ejp626

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About ejp626

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    Dr. Funkenstein

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  1. Barney Kessel

    So embarrassed that I didn't even remember I own a copy of Feeling Free... It looks tasty. Will listen to it tonight...
  2. I'm just back from seeing Laurie Anderson in her new show The Art of Falling. While there is indeed improvised music by Anderson and the cellist Rubin Kodheli, this definitely feels secondary to the various stories she tells during the performance.
  3. Now reading...

    Launched into Mann's The Magic Mountain. I suspect this is a novel I will admire/respect more than really enjoy, if for no other reason than I don't like reading about illness and hospital settings (though in this case it is simply a sanatorium, though one that appears exceedingly difficult to check out from -- the main character, Hans, shows up for a 3 week visit that then stretches into months, then years...). Apparently, this almost happened to Mann himself. His wife was at one of these sanatoriums. He visited for 3 weeks, and by the end the director tried to convince him he was quite ill and should check in for a long-term stay.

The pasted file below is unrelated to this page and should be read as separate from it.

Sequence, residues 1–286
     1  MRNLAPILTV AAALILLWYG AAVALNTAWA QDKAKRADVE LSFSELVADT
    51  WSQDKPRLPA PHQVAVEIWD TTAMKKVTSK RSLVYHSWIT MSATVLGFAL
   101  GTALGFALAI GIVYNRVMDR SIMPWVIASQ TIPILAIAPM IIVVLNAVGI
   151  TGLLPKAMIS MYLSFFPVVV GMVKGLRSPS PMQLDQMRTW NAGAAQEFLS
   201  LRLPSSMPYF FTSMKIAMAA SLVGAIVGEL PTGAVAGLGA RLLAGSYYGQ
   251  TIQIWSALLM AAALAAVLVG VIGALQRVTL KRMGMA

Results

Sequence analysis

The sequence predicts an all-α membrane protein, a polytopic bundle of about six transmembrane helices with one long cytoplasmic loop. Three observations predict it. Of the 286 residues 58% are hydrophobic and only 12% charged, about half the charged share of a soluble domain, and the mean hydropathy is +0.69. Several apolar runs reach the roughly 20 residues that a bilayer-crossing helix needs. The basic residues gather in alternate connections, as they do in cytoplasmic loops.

4. Looks interesting. Thanks for pointing this out. I'll try to remember to look it up in March... Right now I am listening to the 2 CD set of The Poetry of Jazz by Boone. I don't really like poetry read over a jazz background (with a few exceptions - Langston Hughes' The Weary Blues was solid), but I really like the poet Philip Levine, so I will give it a listen and see where it works and where it doesn't.